The Beginners Introduction to Supination


If you are a runner, you have probably already heard about supination and pronation. However, being familiar with these concepts can also be useful for everyone.

Knowing whether you have a neutral, a supinated (underpronation in other words) or an overpronated plantar arch can be a huge help when it comes to finding the perfect shoes.

Luckily for you and I, my good friend Noel, fortunately, is a supinator and together we have learned some useful information to help you understand what supination really is. So here is some advice we have for a someone wanting to learn about this gait.

Definition of Supination

So let’s start with the definition:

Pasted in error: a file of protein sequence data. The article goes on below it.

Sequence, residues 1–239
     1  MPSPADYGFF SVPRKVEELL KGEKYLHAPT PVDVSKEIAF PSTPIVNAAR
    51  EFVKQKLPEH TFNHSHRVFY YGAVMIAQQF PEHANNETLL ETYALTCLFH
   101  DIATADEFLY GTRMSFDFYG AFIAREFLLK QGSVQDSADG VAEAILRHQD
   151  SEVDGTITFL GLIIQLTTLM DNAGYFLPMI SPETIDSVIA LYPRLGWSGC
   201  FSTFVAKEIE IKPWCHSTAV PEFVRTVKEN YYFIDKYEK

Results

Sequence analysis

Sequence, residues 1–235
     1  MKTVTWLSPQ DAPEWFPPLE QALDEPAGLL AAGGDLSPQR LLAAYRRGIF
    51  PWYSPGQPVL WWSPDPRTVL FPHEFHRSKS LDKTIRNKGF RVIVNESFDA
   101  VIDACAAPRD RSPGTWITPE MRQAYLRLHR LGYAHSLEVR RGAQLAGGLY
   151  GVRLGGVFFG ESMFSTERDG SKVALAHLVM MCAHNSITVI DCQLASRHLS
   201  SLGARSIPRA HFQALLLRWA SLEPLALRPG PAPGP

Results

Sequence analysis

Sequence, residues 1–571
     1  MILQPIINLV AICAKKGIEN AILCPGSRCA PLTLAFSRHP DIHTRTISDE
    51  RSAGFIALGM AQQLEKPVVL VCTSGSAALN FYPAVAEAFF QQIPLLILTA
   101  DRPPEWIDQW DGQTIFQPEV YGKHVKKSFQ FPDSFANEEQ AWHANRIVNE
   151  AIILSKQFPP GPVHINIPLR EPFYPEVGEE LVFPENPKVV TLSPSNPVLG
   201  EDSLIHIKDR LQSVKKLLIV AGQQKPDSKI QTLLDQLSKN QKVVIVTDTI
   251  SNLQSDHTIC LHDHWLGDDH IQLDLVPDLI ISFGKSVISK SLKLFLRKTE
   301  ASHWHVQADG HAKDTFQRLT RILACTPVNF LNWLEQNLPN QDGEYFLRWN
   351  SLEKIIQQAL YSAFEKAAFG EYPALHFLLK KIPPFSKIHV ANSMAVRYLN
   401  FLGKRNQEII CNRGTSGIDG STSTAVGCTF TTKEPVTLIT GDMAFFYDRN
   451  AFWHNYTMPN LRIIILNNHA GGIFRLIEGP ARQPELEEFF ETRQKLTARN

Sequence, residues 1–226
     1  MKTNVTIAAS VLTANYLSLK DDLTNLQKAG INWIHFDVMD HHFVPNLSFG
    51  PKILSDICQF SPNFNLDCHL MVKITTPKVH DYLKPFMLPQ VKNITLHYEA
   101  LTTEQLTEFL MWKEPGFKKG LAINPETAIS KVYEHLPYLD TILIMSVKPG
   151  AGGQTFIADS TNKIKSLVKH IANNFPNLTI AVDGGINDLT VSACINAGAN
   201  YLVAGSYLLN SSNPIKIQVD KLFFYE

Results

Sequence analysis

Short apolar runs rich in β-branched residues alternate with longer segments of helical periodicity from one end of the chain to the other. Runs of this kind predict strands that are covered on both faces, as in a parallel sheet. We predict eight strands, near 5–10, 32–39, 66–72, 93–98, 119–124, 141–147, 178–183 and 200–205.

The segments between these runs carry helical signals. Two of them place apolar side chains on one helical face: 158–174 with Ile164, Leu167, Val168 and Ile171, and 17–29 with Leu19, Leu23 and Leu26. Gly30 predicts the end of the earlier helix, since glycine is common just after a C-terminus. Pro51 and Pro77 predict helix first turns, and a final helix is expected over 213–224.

Supination refers to the natural movement of a running strike which consists of the outward roll of a foot. Although a certain degree of supination and pronation are completely natural and necessary to perform basic movements. Too much of either can result in an uneven gait, pain and overall bad posture.

Right Foot Supination Strike
Right Foot Strike without and with Shoe

So, if you are a supinator (underpronator), you are putting a lot of weight onto the outer portions of your foot. Which can result in the ankle rolling outward too much. This potentially increases the risk of injury, pain, and soreness throughout the body.

Running Gait

Let’s start with the basics. The running or walking gait refers to the cycle of movements that make running (or walking) possible. We can divide the running gait into two pretty easily distinguished phases:

– Stance phase (when your foot is in direct contact with the floor)

– Swing phase (when your foot is in the air and not in contact with the floor).